Anthony Geraci and The Boston Blues All-Stars – Fifty Shades of Blue | Album Review

Anthony Geraci and The Boston Blues All-Stars – Fifty Shades of Blue

Delta Groove Music

13 tracks/54:10 minutes

Surely Anthony Geraci was born to play the blues, and to improvise so wickedly that he masters any style of blues. When he was four-years-old, Geraci told his parents he needed a piano; they bought him an old upright, but he soon was pounding it out on a baby grand. At the same time he was taking lessons at the Neighborhood School of Music in his hometown of New Haven, Connecticut, he was skittering over the ivories, improvising and following his own sharp musical instincts. Although his formal musical education came in the studios of Boston’s Berklee College of Music, his real schooling came when he and his friend, guitarist Ed Cherry, listened after school to blues records of artists such as Muddy Waters, Buddy Guy, and Jimmy Rogers. Over the years, Geraci has recorded with Muddy Waters, Big Joe Turner, Otis Rush, Big Mama Thorton, Hubert Sumlin, and Jimmy Rogers, among others. A founding member of Ronnie Earl and the Broadcasters, he’s also a founding member of Sugar Ray and the Bluetones.

An all-star cast of musicians joins Geraci on Fifty Shades of Blue, including, among others, Norcia, who provides vocals and harmonica on six tracks, Monster Mike Welch on guitar, Michael “Mudcat” Ward on bass, Marty Richards on drums on all but two tracks, with Michelle “Evil Gal” Willson on vocals on two songs, and Toni Lynn Washington on vocals on one song.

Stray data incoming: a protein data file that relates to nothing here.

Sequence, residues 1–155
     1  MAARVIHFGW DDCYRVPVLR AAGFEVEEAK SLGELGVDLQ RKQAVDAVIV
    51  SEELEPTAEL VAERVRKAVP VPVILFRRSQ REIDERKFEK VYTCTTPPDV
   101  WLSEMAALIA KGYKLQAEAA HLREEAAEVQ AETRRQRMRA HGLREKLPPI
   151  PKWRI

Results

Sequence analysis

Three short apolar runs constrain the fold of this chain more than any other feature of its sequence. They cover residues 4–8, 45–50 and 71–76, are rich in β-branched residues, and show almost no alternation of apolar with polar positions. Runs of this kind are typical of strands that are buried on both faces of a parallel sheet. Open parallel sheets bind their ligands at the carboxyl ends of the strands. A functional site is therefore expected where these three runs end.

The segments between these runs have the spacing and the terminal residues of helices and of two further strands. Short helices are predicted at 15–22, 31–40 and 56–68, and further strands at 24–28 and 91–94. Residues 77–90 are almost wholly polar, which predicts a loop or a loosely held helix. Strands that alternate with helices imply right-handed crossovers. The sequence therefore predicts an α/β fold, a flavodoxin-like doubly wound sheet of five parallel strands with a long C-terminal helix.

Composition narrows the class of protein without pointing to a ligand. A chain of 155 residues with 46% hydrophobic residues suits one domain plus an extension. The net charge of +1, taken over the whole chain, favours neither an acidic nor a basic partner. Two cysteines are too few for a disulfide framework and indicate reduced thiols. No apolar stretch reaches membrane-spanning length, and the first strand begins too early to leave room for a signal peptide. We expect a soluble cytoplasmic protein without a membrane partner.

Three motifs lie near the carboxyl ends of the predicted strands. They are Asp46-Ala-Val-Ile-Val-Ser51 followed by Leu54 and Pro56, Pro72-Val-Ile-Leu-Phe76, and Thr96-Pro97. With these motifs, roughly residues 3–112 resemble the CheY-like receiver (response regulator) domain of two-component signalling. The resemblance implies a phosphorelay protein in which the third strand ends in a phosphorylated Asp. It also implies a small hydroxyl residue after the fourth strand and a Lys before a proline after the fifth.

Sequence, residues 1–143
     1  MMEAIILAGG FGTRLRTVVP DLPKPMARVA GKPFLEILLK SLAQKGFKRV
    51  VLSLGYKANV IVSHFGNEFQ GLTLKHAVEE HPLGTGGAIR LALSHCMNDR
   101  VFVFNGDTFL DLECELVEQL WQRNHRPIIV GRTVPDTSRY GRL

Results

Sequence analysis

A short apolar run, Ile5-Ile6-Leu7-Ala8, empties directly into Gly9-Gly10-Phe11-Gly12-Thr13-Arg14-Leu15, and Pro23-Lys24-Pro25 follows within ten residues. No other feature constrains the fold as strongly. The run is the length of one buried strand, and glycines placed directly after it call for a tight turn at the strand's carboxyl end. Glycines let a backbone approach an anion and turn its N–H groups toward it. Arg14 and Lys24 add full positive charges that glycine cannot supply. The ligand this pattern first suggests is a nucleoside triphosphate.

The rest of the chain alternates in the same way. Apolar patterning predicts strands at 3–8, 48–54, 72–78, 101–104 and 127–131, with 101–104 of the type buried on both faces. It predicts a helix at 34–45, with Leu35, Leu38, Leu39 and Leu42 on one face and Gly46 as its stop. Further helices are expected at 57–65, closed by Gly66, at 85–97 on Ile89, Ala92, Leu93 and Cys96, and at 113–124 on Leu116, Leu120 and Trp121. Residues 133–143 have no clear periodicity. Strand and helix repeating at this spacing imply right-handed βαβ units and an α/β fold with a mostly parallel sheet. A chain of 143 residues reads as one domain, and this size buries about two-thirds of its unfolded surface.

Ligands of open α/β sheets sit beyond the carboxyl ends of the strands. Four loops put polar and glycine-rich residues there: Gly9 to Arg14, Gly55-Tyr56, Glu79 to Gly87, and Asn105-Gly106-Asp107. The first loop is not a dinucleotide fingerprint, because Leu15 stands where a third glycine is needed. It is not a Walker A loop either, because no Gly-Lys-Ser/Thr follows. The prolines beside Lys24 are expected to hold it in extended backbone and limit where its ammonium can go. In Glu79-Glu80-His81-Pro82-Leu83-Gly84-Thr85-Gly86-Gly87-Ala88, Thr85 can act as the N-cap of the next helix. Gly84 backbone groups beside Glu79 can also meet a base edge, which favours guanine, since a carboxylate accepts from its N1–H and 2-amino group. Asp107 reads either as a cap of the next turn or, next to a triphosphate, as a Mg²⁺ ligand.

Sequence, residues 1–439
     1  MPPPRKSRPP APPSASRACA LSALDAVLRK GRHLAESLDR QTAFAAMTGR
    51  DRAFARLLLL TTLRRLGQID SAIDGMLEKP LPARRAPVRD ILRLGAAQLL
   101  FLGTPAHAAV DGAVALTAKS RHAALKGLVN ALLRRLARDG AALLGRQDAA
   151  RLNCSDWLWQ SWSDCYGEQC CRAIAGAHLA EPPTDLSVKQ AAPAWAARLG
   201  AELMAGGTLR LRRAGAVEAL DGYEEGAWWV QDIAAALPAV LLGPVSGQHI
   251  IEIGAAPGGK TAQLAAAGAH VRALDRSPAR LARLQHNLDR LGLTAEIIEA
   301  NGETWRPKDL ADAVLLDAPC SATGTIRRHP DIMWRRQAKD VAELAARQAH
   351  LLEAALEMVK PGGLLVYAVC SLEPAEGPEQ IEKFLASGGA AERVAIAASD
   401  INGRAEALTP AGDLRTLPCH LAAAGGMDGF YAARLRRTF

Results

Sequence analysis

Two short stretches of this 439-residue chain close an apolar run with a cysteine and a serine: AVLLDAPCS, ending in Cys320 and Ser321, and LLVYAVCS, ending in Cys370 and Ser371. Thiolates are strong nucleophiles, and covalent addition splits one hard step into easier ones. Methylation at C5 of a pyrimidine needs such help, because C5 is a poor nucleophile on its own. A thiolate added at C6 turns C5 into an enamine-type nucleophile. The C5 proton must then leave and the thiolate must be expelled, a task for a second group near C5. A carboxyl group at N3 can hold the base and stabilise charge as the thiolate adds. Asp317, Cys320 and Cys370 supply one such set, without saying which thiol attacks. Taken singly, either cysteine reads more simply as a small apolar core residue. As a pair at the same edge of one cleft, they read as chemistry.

The album lives up to its title as the gathered faithful tear it up through country blues, pop-inflected blues, jazz, ragtime, and driving rock and pure gut-wrenching power blues. “Too Late for Coffee” kicks off with a spare piano roll that’s joined by Norcia’s vocal lament that it’s been too long since he’s seen his woman; since it’s “too late for coffee and too late for beer,” the singer declares, he wants to hold his lover tight since it’s been about a year. Jaunty and humorous, the song delivers a story of love-too-long-gone for which nothing will substitute; it’s a country waltz with a blues riff woven tightly into it.

A pop-inflected, jazz standard, “Don’t Keep Me Waiting,” carries us back to the crooning tunes of the late ’50s and early ’60s, with Geraci providing a Vince Guaraldi-like piano cascade on the bridge. Languorous and wistful, the tune floats dreamily on the rolling waters of Geraci’s piano, punctuated by Richards’ brushes, and Norcia’s smoky vocals.

The album kicks off with Welch’s stinging guitar leads and Darrell Nulisch’s growling vocals on “Everything I Do is Wrong.” Welch’s haunting guitar work recalls B.B. King’s own on “The Thrill is Gone” as well as Peter Green’s guitar in John Mayall’s Bluesbreakers and in the early days of Fleetwood Mac. The album’s title track features a down and dirty blues romp, with a call and response between Norcia and Willson. Funky and fresh, “Fifty Shades of Blue” playfully spins off the “Fifty Shades of Gray” phenomenon: “you bring the blindfold/I’ll bring the wine/let’s get together and have a good time/handcuffs on the bureau/the temperature’s rising/I got no place to go.”

On “Sad But True” Norcia moans straight up blues, with Welch’s slide guitar and Norcia’s own harmonica weaving under and around his vocals; it’s a mean old blues sandwiched between the playfulness of the title track and the New Orleans-inflected jazz blues of “Heard That Tutwiler Whistle Blow.” On the latter tune, Geraci’s rousing piano rolls and trills provide the foundation on which the straight ahead harp and vocals of Norcia play off.

These songs, and these players, are all stars indeed. There’s not a track on this album that won’t take you out of yourself to moan, clap, cry, or laugh, and you’ll want a partner near you most of the time since Geraci and the All Stars deliver a soundtrack for the art and act of seduction.

Reviewer Henry L. Carrigan, Jr. writes about music and music books for No Depression, American Songwriter, Country Standard Time, and Wide Open Country.

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